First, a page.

...like the first session out on Friday morning, when I had a bad line in the S section going into Turn 11, and I got out too wide and onto the grass. I tried to correct and get the car back on the track, only to go shooting across and right into the wall. That was one of the lowest points in my career. It was like a waking nightmare. Exactly what I didn't want to happen. Exactly what I told myself not to do the first time out. But ya know, how many top-level drivers, whether it's INDYCAR, NASCAR, or Formula 1, have done the exact same thing? How can you learn the limit of the racecar if you're not willing to push it and risk going over it? You can't. And you won't be fast unless you can find the limit of the racecar, so at the end of the day, I've moved on from that and am okay with that mistake that I had made.
...like the second race of the weekend where I started 8th and was running up front with the "fast guys" in 6th place and drove it in too deep, locked up the tires, and spun in Turn 11.
...like when I got back on track after the spin and became a lapped car and then lost the car again with a damaged front end.
The funny thing is, I do know that these aren't the focal points of the weekend. My times improved again. More importantly, I got some critical and necessary experience in racing traffic - and those aren't things you can explain properly in text.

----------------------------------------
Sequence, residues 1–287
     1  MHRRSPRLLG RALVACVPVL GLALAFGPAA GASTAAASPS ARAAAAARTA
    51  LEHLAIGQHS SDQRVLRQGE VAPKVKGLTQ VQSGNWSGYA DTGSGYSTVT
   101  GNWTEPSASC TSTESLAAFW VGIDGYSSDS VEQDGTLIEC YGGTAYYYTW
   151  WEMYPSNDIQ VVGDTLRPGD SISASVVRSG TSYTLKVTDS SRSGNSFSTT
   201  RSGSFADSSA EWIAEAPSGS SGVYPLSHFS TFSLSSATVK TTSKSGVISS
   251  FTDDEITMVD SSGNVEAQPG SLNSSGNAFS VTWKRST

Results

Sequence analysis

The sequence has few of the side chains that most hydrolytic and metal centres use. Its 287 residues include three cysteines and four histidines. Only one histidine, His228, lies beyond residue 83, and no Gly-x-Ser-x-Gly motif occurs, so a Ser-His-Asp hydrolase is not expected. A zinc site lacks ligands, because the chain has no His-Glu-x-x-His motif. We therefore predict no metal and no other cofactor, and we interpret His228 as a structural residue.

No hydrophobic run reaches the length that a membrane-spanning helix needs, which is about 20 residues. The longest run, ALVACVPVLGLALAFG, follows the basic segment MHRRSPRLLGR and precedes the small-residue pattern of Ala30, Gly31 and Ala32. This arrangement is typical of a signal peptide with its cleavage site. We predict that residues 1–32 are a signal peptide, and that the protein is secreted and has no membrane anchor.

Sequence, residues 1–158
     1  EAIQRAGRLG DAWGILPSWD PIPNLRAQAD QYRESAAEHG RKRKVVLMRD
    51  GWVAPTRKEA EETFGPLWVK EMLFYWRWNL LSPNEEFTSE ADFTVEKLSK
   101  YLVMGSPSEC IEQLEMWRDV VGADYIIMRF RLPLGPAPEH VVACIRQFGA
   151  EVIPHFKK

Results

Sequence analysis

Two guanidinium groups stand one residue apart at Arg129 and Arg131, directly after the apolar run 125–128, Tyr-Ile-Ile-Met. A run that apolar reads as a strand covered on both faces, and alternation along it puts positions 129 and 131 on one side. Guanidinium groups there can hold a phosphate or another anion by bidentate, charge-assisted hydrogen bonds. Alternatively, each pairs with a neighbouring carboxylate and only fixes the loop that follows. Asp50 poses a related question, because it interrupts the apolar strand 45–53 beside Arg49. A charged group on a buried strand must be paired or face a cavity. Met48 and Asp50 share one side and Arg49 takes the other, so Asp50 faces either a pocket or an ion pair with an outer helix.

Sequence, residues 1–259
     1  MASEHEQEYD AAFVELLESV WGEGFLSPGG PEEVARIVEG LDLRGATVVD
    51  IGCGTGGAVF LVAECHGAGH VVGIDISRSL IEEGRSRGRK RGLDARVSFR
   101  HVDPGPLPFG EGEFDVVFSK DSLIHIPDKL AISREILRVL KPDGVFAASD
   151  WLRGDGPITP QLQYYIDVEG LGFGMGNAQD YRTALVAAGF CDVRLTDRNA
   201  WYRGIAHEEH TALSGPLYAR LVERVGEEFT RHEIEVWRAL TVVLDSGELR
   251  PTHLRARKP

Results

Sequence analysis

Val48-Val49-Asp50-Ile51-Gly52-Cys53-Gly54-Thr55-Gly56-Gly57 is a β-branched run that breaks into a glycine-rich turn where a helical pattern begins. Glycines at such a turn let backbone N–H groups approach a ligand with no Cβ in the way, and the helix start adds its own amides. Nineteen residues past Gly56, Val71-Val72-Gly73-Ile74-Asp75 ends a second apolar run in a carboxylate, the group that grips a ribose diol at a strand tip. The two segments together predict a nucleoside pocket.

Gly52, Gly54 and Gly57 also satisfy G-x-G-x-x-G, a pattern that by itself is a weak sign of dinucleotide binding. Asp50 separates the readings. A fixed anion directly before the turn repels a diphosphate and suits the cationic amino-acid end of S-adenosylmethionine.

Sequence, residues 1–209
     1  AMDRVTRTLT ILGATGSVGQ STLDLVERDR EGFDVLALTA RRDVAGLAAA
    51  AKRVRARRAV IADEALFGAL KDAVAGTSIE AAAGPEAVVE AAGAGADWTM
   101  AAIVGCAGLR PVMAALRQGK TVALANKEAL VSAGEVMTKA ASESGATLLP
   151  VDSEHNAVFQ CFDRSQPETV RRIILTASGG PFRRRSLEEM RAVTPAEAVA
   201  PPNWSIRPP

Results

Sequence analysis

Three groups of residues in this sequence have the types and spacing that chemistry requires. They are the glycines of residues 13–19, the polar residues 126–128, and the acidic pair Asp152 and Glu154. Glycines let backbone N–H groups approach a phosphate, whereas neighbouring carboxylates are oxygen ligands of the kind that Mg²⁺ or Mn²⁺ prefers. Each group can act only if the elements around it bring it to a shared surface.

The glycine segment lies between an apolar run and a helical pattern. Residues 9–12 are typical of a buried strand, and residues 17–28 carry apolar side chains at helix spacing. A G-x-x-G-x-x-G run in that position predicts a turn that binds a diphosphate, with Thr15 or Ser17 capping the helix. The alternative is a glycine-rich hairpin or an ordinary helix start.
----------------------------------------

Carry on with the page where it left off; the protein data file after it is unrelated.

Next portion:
Practice #1: 1:17.812 (spun at end of session)
Practice #2: 1:18.088 (mechanical issues)
Race #1: 1:16.475 (started 14th, finished 8th)
Race #2: 1:17.090 (DNF)
There were three significant positives from the weekend for me:
- Race number one - I started 14th, avoided a massive wreck in the first lap, and went on to finish a clean race in 8th place. I made some passes, kept control of the racecar, and felt super confident. I had the 8th fastest lap of the race and would start 8th in the second race on Sunday.
- Getting a clean start, and hanging with the "fast guys," making a nice pass and going from 8th to 6th place at the beginning of the second race.
- Pulling in with damage before the end of the second race and seeing how excited my guys were. Feeling and hearing that they know I am capable of winning and seeing that they were impressed with how quickly I'm adapting and getting up to speed.
Racing incidents happen, and when you're trying to learn a completely new craft, there is a TON that goes into it. It's not all what you see on paper. I am 110% confident in myself, in my team, and in the future that is ahead of us.
I can't express how grateful I am to all of those who support me. The amount of support I got this weekend from not only fans but people in the racing industry has been AMAZING. So many people believe in me and I am so happy that I've shown my drive and serious capabilities of making it to the top in this business.
The ongoing trials and tribulations will surely be huge but I promise it won't be long until I'm through the growing pains. I am dedicated to doing what it takes to make myself the driver I know I am.